- Blogs – 70-98%
- Service Sites – 10-30%
- Landing Pages – 70-90%
As you can see, blogs have the highest bounce rates simply because of their nature. People find a blog about a certain topic and then leave once that curiosity is satiated. E-commerce and service sites have the lowest because people really do need to browse these sites, so if your eCommerce site is seeing high bounce rates, you need to do something quickly.
Reducing bounce rate can increase revenue
At the end of the day, conversion is really what we are aiming for and bounce rate can be one of the most relevant metrics you should be optimizing for in your eCommerce site in order to get visitors to convert, we need to get them engaged, that means optimizing the site to provide the needs of your chosen audience.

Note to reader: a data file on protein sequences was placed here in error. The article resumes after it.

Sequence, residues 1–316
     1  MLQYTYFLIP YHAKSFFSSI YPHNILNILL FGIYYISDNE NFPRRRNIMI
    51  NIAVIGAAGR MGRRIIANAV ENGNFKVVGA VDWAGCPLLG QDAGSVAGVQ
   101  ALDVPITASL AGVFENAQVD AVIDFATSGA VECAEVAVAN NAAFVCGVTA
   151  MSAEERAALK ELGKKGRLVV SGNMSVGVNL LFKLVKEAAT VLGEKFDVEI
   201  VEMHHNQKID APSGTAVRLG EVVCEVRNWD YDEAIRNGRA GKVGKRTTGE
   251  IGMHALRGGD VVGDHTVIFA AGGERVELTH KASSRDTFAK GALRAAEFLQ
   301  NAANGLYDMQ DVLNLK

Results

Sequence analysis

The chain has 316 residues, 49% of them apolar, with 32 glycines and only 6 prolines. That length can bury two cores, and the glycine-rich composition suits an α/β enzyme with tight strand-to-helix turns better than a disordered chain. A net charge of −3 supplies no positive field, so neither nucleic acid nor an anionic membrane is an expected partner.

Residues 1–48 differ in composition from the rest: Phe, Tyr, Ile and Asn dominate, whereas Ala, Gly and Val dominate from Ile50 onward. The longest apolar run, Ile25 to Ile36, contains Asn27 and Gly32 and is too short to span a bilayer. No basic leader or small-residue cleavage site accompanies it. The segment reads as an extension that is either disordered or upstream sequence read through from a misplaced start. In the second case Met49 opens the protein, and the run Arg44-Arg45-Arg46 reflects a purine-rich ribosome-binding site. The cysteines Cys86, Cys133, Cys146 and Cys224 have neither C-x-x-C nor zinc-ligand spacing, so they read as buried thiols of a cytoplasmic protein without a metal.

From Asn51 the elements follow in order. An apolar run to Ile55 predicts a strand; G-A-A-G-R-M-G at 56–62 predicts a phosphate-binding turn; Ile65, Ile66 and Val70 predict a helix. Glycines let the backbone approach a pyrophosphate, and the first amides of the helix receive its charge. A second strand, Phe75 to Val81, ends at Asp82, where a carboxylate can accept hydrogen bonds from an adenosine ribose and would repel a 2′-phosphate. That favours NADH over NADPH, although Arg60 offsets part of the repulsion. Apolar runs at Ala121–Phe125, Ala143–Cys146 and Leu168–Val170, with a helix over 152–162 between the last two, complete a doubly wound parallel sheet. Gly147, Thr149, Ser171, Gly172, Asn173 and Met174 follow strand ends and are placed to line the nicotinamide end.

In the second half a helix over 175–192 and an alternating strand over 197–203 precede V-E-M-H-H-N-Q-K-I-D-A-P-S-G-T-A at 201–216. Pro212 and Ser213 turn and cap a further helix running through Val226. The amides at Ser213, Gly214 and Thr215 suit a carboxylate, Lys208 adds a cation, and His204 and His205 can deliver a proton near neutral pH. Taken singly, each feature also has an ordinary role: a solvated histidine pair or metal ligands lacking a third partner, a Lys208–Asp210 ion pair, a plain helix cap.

Tips for decreasing your bounce rate to improve e-commerce conversions:
- Optimize your product listing by giving great product titles and descriptions. Having professional looking images and life shots of the products help greatly in convincing customers.
- Make your site user-friendly. Make navigation easy, especially with regards to finding products. A very big turn off for visitors is if the search and advanced search functions do not work well. Make sure that the search function allows users to find relevant products even if they do not know exactly what to type in the search bar.
- Make the checkout process easier and streamlined. Sometimes, this can make customers abandon their cart, especially if they already got frustrated with some other quirky things about the site.
Doing these optimizations will help to ensure that targeted traffic are not bouncing but are actually engaging, giving a high probability of conversion. In conclusion, even though there is another side to the story of bounce rate, in the context of eCommerce, smaller is better.